What Is A Freezing Order Used For In Insolvency?

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When a company becomes insolvent, this means that they are unable to pay their debts as and when they fall due. When this happens, the directors of the business are required to prioritise the interests of creditors to whom they owe money. On occasions where a creditor feels that the company is not working in their interests to repay the debt, they may feel obliged to take action. One of the ways in which they may choose to do this is by issuing a freezing order. Let’s take a closer look at what this involves. 

What Is A Freezing Order?

A freezing order is a legal injunction that prevents a company from selling or disposing of their assets. This can cover many types of asset, including property, land, vehicles, shares, bank accounts, and investments. A freezing order typically lasts between 7 and 14 days and is aimed at protecting the value of company assets so that the necessary repayments can be made to creditors. This is a serious step to be taken by creditors and the freezing order will come into effect as soon as the company has been notified. Failing to comply with a freezing order by selling or disposing of the assets named in the injunction could have serious legal implications. That’s why it’s essential to adhere to the freezing order rigidly and to consult the guidance of a licensed insolvency practitioner if you have any questions about the process. 

Why Are Freezing Orders Used?

As we touched upon previously, a freezing order is aimed at protecting the value of a company’s assets in order to protect the money that is owed to creditors. This is a serious step for creditors to take and so it’s essential that they have the necessary evidence to back up the order. The creditor is required to swear an affidavit confirming that they’ll pay any damages incurred by the business in the event that the freezing order has been wrongly issued. They’ll also need to provide evidence that they have the financial means to pay these damages should this be necessary.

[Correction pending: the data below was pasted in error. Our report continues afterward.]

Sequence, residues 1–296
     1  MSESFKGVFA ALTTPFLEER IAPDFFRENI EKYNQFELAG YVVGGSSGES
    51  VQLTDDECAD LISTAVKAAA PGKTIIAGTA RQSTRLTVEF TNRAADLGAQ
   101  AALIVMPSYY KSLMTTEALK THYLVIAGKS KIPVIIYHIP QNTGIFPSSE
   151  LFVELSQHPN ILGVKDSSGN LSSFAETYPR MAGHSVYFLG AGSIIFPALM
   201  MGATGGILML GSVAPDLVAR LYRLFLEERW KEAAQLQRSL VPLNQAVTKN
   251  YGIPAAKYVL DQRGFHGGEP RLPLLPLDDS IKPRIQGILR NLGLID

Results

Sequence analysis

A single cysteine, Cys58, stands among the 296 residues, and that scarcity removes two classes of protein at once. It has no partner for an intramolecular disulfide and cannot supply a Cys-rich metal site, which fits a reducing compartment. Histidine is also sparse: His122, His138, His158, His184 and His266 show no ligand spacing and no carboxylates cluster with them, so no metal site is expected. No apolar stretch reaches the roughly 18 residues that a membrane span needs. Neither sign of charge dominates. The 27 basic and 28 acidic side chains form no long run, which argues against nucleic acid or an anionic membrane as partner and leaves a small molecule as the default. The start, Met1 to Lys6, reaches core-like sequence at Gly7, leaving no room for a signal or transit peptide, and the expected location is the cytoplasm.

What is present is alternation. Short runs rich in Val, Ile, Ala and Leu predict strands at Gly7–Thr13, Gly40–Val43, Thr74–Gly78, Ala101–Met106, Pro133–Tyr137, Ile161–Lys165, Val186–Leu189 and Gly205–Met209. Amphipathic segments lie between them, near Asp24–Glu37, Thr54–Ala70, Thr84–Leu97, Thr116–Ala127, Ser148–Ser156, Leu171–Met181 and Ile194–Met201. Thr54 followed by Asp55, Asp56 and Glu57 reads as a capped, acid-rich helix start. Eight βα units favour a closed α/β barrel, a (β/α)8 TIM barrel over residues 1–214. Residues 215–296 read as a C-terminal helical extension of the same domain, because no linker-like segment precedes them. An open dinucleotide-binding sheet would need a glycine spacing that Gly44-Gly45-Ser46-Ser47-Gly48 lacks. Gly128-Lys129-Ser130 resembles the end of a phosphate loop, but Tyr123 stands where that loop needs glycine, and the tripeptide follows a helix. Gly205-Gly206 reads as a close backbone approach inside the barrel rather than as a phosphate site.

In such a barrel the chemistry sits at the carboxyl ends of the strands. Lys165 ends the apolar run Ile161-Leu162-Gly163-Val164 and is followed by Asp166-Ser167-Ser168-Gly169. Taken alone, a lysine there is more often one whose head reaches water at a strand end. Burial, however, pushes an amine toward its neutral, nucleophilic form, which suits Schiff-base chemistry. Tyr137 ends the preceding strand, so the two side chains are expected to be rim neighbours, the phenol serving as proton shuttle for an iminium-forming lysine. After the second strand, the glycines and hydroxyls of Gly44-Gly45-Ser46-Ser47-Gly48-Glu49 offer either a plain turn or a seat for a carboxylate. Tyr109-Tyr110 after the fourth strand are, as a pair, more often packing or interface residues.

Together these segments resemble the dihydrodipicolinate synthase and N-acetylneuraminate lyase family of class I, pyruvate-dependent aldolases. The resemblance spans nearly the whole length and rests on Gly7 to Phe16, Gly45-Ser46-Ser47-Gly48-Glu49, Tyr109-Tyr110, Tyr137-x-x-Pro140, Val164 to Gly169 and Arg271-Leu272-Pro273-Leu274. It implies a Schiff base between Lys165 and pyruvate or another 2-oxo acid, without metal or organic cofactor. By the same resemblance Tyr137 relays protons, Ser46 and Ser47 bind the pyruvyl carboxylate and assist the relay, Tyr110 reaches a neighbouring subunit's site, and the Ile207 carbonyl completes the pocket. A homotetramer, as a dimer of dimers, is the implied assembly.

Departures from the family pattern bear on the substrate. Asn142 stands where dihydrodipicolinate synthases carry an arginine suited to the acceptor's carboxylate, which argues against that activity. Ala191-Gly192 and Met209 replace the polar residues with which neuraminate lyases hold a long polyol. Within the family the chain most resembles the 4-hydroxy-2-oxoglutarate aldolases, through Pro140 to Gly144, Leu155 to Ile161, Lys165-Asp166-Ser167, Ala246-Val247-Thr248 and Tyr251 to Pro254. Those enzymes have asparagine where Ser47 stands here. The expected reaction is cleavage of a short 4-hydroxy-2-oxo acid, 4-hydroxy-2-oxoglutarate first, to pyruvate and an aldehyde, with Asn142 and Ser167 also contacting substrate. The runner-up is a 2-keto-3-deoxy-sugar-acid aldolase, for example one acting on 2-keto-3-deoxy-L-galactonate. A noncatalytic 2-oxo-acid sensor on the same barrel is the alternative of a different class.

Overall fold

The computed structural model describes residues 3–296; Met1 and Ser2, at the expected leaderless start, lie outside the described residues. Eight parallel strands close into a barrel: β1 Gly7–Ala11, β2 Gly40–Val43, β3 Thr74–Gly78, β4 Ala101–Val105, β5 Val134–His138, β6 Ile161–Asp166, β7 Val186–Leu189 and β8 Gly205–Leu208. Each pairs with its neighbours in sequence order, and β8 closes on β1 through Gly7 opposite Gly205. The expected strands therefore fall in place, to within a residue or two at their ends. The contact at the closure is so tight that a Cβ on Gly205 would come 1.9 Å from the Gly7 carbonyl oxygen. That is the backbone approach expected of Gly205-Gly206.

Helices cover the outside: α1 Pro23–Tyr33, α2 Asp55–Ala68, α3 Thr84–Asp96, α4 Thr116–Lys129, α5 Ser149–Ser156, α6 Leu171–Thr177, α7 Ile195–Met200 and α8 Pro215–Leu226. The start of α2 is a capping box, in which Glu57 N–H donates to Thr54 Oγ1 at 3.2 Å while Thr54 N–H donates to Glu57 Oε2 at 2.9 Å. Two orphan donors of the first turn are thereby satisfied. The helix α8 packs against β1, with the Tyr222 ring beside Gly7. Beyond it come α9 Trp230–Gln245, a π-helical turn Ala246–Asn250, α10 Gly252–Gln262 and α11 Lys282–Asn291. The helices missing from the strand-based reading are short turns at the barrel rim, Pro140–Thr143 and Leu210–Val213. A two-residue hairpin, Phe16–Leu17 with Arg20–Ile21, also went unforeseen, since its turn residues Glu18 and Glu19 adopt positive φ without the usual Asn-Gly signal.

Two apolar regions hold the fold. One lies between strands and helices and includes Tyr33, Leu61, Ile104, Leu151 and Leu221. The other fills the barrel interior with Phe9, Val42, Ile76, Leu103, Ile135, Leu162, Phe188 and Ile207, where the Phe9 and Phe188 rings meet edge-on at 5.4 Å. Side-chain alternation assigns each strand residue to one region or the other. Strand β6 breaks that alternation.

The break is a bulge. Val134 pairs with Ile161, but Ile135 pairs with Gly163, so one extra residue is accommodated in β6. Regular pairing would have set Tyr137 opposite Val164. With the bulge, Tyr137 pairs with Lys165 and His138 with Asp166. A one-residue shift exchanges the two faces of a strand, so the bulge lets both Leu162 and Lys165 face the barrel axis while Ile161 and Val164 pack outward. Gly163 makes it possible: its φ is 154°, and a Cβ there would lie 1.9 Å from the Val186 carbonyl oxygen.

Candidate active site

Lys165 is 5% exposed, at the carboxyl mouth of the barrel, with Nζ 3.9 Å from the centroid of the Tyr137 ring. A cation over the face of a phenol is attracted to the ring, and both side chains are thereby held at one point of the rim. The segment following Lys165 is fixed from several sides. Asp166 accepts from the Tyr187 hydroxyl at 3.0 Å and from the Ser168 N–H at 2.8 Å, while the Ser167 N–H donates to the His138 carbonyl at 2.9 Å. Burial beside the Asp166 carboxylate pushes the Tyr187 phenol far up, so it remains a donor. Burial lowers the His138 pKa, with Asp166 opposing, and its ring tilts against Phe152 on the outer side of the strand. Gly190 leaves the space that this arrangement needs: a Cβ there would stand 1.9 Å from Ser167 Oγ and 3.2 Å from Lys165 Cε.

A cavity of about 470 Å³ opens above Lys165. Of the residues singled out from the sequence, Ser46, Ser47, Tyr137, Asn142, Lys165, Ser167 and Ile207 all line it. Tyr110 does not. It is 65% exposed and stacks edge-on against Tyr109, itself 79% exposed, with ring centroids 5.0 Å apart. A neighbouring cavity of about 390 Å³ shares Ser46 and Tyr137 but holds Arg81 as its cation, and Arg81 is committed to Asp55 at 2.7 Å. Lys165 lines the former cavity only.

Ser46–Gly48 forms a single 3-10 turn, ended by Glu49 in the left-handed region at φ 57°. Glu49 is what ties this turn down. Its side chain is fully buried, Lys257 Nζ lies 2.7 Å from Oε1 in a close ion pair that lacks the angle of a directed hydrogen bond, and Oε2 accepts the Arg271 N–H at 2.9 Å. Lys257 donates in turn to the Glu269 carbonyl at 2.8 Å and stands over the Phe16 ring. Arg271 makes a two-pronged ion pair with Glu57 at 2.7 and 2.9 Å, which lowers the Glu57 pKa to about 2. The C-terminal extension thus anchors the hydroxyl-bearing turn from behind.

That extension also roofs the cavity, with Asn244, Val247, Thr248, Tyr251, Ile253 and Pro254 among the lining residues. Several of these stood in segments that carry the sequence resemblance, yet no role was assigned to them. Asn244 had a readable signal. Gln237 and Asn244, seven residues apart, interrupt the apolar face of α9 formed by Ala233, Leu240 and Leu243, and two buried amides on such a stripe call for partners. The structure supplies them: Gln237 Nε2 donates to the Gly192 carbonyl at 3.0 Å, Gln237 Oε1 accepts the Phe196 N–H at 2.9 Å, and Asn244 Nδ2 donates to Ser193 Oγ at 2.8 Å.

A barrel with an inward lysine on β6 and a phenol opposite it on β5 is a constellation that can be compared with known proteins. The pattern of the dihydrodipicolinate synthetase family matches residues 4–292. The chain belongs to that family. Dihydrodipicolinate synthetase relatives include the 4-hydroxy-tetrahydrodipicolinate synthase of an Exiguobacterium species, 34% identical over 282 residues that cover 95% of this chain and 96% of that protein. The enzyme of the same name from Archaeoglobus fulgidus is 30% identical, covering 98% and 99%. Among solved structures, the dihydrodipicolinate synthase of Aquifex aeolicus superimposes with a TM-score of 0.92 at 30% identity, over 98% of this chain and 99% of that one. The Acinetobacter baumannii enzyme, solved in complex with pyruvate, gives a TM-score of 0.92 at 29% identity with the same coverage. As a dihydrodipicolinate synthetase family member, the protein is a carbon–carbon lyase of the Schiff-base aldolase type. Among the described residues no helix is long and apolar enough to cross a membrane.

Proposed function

In order to apply for a freezing order, the creditor needs to have a substantive ‘cause of action’ to back up their case. This may include evidence that numerous attempts have been made to collect the money owed without success, or evidence suggesting that the company is taking deliberate action to prevent assets from being sold to repay creditors. In order to assess the application fairly, the court will use a ‘balance convenience test’ that compares how the creditor would benefit in relation to the financial damage that would be caused to the company in question. As this suggests, freezing orders are not taken lightly and so if you are a creditor who is considering applying for an injunction, it’s essential to consult professional insolvency advice prior to doing so. 

Can A Freezing Order Be Challenged?

A freezing order can be challenged, however this will need to be done swiftly and under professional guidance. Directors will need to have strong arguments against the order in order for the challenge to be heard. This may include evidence that the creditor has misrepresented the facts or falsely disclosed information. Equally, if the creditor has taken a long time to apply for the order, the necessity of the injunction may be questioned. If directors think they may have grounds to challenge a freezing order it’s essential that they seek the advice of a licensed insolvency practitioner as early as possible. A professional insolvency expert will be able to assess whether or not their claims will be considered valid.

For confidential insolvency advice that’s tailored to your individual needs, don’t hesitate to get in touch with our experienced team of licensed insolvency practitioners at My Liquidation.

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